• The data is safely encrypted on disk, and the OS guarantee that no one can access the encryption key.

And, finally: You get to tick off the “no plaintext data at rest” checkbox and move on to do actual feature development Smile.


Phillip Haydon

Does this kill indexing performance? I would assume RavenDB needs to decrypt each document in order to index it, then encrypt the index information correct?

That process must be slow?


This is important: if you use this bundle, backup your keys. They will not be backed up together with the rest of the database. Back them up, or your database backup is completely worthless.

Phillip: in most cases, encryption is faster than I/O. I didn't notice a major difference when working on the encryption bundle*, and I did quite a bit of testing with and without it - generally ran a 15-minute test suite on it, and it took roughly the same time, although I didn't do any real performance testing.

  • Well, an old version did have a 30x slowdown factor, but that was fixed. It was probably a teeny tiny bit more secure (paranoid-level security), but slow enough to actually fail to read documents with a timeout...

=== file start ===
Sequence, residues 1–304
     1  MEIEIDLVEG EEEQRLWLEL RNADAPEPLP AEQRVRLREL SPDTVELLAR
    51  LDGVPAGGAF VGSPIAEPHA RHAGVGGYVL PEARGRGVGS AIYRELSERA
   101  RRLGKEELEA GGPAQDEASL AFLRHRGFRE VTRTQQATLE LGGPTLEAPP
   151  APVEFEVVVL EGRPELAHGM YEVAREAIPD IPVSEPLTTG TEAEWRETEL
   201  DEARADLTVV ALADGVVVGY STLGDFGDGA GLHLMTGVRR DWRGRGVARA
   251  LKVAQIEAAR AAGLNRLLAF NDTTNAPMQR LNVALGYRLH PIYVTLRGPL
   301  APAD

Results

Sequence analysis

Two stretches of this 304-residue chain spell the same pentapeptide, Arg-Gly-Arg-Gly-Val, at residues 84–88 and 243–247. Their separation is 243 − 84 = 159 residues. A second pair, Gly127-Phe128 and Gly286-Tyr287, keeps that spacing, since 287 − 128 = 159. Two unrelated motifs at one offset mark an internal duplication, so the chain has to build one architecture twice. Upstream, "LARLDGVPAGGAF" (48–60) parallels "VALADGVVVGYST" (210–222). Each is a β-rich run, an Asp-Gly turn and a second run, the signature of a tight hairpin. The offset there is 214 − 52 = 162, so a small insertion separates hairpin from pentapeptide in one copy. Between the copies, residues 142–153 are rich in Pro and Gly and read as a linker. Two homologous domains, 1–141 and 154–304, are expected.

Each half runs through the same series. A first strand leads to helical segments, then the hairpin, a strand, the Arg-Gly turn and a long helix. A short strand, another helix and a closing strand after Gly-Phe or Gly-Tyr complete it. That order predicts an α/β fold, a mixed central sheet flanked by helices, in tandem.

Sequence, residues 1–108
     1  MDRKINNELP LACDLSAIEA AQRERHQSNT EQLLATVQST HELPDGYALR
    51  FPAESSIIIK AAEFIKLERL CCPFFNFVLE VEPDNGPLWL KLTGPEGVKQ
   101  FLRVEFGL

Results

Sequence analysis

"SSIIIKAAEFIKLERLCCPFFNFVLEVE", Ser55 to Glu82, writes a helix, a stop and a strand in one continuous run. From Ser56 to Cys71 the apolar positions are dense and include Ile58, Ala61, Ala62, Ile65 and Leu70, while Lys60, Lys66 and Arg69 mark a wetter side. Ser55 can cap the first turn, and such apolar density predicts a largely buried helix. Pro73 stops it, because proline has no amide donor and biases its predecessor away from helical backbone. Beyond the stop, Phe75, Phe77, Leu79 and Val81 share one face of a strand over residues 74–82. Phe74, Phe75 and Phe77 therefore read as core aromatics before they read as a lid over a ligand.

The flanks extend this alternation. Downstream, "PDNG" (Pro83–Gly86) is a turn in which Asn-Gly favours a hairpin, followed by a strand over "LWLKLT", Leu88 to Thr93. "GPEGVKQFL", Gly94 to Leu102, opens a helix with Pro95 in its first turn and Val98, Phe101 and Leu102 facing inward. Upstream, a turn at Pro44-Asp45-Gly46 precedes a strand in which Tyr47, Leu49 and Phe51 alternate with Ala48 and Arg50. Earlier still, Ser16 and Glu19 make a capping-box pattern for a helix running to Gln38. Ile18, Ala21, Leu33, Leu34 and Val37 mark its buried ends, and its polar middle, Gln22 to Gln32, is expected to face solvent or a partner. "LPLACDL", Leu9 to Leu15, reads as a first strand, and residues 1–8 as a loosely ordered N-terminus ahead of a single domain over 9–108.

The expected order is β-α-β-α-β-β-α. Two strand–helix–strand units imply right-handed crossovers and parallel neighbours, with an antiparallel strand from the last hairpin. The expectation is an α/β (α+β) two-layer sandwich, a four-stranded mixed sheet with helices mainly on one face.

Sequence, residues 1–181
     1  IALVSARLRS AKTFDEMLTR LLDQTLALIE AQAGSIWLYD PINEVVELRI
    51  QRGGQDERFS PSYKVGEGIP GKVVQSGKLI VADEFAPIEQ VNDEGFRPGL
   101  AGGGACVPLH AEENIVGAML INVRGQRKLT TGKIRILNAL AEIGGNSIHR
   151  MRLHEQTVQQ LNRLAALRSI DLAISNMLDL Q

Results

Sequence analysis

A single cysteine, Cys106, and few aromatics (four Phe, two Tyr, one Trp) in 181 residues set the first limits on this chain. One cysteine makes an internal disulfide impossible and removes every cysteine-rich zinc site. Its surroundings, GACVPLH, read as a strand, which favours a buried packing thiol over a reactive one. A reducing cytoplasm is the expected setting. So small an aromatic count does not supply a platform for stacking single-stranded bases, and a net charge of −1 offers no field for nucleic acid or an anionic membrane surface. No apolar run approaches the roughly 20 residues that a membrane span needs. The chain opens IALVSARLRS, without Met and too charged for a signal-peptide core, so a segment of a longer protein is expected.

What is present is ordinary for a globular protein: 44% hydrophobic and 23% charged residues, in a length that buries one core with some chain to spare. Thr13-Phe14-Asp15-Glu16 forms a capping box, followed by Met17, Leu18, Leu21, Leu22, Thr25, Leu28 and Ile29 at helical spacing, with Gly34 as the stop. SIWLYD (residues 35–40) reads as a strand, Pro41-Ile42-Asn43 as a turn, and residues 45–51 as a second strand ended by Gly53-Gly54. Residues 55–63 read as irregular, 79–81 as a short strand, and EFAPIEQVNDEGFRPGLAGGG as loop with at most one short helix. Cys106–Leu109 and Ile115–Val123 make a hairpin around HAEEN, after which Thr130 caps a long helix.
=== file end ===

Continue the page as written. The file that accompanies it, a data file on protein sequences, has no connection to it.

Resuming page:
Oh, I didn't know this blog uses markdown. Imagine that bullet point was just a star.


Sounds great.

But if I understand this correctly: this is a security feature in order to protect the database files yes?

Does this mean I still can acces the data via the studio? or does it need the key to show the data.

Ayende Rahien

Ed, There is a major difference between authentication / authorization, which is deciding who can reach the database and what data they can read and this feature. This is meant to ensure that you can comply with various regulations that require that you'll never have clear text data at rest. That is, if someone steals the hard drive, they don't get to do anything with it.


Ayende, I certainly see applications for this kind of security.

Ian Yates

Disclaimer: Everything I know about RavenDB is from this blog - I admit I haven't actually used the product... In that light this may seem silly but had you looked at using something like EFS encryption built into NTFS for this purpose? I guess this would work well for the server product where you could run the service under a dedicated service account but it would be unworkable (or at least difficult) for anything embedded. I also don't know about guaranteed writes to the file system under EFS and whether or not they're affected, and if so, if that would upset RavenDB or make it less reliable.

Ayende Rahien

Ian, You can't always use encrypted file system, some SAN do not support it, for example. And there are often regulations that require something beyond that.

In particular, just using encryption at the file system level doesn't protect you from having the clear text in the backup.

Daniel Lang

There are actually a lot of use cases where this kind of encryption totally makes sense. Think about your country's intelligence agencies as an example.